On April 27, 1923, Grace Martin Walker was attacked in her home. The intruder attempted to assault her, dragging her from the bed. She stated it was clearly a Black man she fought with, and he ran off when she screamed for her family sleeping upstairs. Her assailant fled. Like others before her, Miss Walker later told the private investigator that said she was sure she could identify the voice of her attacker.

A couple of nights later, in April 1923, the Night Marauder entered the home of a woman while her husband worked a night shift. Myrtle Cook was assaulted around 2 a.m. in her home on Hannum Ave, on Parham Hill. She confirmed that he had a pistol and a flashlight and that she believed she could identify the attacker’s voice.

On July 5, 1923, the Night Marauder visited a series of homes. We now know it is not unusual for a serial killer to attack multiple victims in a single night, especially if he was left unsatisfied by the first attack. On this night, the Marauder targeted homes at the back of Babcock Lumber Mills near the South Rail yard. Mr. and Mrs. Sam Lawson were awoken by the sounds of an intruder, but the man never got close. They both cried out and the intruder fled.

The next target was the Reagan home. Sam Reagan and his wife, Lizzie, slept in one room and Sam’s brother, Allen Reagan, and his wife Martha slept in another. Lizzie would prove to be a useful witness in the investigation because she saw everything clearly and had a lot to say about that night. By chance, Lizzie woke up to see a man with a flashlight enter the house from the door on the front porch.  She saw the pistol and flashlight and, in dismay, woke her husband because she believed Sam’s brother was pointing a gun at his own wife. Turning back to the figure in the dark, she said she got a really good look at him and realized it was not Allen holding the gun. She clearly described him to the police, and she would later select his photo out of a set of suspects.  That night, Lizzie saw the man and heard him threaten to shoot Allen if he moved before fleeing the house.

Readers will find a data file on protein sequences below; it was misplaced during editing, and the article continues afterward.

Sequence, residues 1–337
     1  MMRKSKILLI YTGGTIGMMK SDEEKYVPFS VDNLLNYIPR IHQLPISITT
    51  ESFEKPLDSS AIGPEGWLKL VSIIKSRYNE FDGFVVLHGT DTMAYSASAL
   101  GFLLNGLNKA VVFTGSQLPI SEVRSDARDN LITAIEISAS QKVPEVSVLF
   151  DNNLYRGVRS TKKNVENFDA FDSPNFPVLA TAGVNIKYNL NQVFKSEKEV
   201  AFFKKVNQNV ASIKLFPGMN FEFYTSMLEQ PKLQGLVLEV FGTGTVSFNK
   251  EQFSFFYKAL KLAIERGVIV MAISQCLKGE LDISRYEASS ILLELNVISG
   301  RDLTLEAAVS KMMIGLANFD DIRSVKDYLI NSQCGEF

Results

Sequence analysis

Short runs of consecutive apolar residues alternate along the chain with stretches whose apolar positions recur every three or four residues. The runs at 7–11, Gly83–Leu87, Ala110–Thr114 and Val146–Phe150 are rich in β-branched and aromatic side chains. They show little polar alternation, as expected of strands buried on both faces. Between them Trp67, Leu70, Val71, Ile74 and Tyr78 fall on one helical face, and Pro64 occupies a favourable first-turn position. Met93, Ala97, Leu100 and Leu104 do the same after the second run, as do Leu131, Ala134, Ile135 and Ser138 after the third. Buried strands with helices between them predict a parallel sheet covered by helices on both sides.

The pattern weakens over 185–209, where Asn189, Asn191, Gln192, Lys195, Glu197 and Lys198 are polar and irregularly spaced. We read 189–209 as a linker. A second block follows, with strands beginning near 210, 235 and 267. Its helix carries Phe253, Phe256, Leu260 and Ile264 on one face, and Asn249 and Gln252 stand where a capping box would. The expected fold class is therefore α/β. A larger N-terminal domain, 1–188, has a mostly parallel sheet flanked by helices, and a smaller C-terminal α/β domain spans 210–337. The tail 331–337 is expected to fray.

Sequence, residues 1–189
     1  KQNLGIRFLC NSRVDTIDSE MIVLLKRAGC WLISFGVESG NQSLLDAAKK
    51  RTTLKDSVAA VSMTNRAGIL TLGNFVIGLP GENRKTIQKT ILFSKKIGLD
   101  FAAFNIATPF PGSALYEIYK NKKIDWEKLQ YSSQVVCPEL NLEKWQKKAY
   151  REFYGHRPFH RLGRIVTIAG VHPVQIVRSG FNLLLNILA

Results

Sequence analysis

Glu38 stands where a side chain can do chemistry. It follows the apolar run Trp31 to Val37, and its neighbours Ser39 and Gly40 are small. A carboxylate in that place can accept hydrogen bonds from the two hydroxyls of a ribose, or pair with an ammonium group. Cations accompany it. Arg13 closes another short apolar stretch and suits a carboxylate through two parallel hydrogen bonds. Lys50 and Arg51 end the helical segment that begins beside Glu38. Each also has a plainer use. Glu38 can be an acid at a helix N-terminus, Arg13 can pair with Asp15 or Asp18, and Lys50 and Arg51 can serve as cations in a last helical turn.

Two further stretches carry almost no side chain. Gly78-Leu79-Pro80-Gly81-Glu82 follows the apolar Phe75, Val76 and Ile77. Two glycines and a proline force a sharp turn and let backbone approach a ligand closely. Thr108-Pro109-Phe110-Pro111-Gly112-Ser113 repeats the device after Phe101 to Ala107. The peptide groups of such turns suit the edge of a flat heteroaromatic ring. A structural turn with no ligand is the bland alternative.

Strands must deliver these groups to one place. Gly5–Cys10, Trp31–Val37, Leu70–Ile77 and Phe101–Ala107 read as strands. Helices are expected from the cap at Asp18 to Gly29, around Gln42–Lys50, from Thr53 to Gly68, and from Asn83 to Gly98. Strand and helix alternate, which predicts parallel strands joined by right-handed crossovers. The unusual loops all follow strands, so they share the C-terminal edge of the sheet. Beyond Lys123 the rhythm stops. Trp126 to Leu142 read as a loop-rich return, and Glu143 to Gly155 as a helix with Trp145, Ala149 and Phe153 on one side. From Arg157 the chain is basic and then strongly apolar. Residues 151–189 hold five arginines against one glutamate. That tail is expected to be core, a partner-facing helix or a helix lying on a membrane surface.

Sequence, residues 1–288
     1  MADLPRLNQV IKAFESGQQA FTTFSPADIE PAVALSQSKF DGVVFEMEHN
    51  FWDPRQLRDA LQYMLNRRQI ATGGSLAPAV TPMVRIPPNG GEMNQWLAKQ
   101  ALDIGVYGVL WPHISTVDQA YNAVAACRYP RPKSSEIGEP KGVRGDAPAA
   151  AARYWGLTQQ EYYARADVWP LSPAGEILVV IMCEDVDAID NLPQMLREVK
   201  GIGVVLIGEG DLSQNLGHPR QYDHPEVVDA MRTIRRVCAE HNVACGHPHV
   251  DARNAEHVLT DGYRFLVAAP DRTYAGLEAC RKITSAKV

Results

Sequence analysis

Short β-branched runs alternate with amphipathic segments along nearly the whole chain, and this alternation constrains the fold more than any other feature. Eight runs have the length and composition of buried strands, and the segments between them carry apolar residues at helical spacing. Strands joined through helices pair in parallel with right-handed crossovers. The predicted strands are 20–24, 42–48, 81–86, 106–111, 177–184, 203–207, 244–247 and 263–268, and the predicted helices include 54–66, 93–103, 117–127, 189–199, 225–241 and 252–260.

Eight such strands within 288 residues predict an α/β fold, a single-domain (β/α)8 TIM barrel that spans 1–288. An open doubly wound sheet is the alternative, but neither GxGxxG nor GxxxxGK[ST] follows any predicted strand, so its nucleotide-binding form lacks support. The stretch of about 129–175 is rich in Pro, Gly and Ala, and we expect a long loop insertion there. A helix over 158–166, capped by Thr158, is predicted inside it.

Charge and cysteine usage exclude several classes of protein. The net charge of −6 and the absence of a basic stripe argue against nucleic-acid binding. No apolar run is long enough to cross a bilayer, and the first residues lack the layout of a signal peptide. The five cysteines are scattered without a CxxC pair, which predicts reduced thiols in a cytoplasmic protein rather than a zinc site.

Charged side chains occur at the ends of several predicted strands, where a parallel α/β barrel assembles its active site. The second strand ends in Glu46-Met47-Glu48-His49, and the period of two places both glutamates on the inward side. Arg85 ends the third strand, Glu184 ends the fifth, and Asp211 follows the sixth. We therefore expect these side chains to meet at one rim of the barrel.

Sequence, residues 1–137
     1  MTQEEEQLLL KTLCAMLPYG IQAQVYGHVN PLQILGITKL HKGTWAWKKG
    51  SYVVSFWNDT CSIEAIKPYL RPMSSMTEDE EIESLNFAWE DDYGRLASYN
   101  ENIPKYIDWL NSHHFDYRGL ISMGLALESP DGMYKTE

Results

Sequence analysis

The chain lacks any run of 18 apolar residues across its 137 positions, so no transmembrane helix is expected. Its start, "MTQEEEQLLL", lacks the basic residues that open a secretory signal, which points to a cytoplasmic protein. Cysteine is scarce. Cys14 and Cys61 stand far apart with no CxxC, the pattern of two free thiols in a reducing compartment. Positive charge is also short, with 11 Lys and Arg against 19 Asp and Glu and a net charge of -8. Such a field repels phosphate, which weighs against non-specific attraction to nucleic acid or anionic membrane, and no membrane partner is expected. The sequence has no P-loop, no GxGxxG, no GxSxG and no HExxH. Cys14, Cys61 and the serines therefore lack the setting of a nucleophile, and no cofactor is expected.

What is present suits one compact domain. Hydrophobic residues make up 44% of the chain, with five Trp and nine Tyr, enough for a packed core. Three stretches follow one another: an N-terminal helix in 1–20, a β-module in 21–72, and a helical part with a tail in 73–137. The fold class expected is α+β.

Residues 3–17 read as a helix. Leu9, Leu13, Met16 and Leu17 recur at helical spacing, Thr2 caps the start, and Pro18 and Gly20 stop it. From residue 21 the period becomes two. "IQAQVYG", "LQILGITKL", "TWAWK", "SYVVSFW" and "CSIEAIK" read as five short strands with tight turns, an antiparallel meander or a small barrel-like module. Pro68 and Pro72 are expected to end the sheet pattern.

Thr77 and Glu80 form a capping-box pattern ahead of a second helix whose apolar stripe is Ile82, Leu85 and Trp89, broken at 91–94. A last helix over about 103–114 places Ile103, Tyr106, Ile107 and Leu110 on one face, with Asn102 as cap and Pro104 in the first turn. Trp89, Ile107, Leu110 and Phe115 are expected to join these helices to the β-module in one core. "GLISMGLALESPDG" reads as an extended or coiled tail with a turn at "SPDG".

Foiled in the Reagan home, the Night Marauder went directly to the Roberts home on Wrights Ferry Road. Carter Roberts was the first to wake when a man entered their home holding a flashlight and a pistol. When Carter challenged the intruder and advanced toward him, he fled.

Having been chased away from two homes in a row, the Night Marauder was becoming frustrated. That’s when he entered the home of Lon Bible. It was 3 a.m. and the storm was still raging. Lon’s mother-in-law, Mrs. J. A. Sharp, awoke to find a man standing over her with a gun and a flashlight. The intruder warned her to “keep quiet” and that he would shoot her if she hollered. She screamed for Lon to get a gun as there was a man in the house. Lon scrambled to light a lamp but found someone had hidden the matches and moved the lamp. The marauder may have been frustrated but he was still attentive to detail. Giving up on the light, Lon turned to chase the man out of his house. Just as Lon reached his front porch, the intruder turned and fired a shot that narrowly missed him.

In spite of his many failures that night, the Night Marauder would take pride in his attack on Lon Bible’s house and carefully describe it in a letter to the sheriff.

John Honeycutt–A Killer or a Star-Crossed Lover?

This post was written by contributor Allie Maynard (MC’24). The post was edited by N. Locklin.

John Honeycutt was a local man of the Knoxville area. A simpleton if you will, he had the simple everyday life of the 1915 era he’d go to work, come home, drink a little and repeat. He was a mill worker in the area, there wasn’t very much that was unique to the man. In November 1921 police officers volunteered to help with a curfew in the area since the Night Marauder was still at large. The Night Marauder had been taking advantage of this area for months and had still not been caught. The Night Marauder was causing terror and fright to the people of the Knoxville area.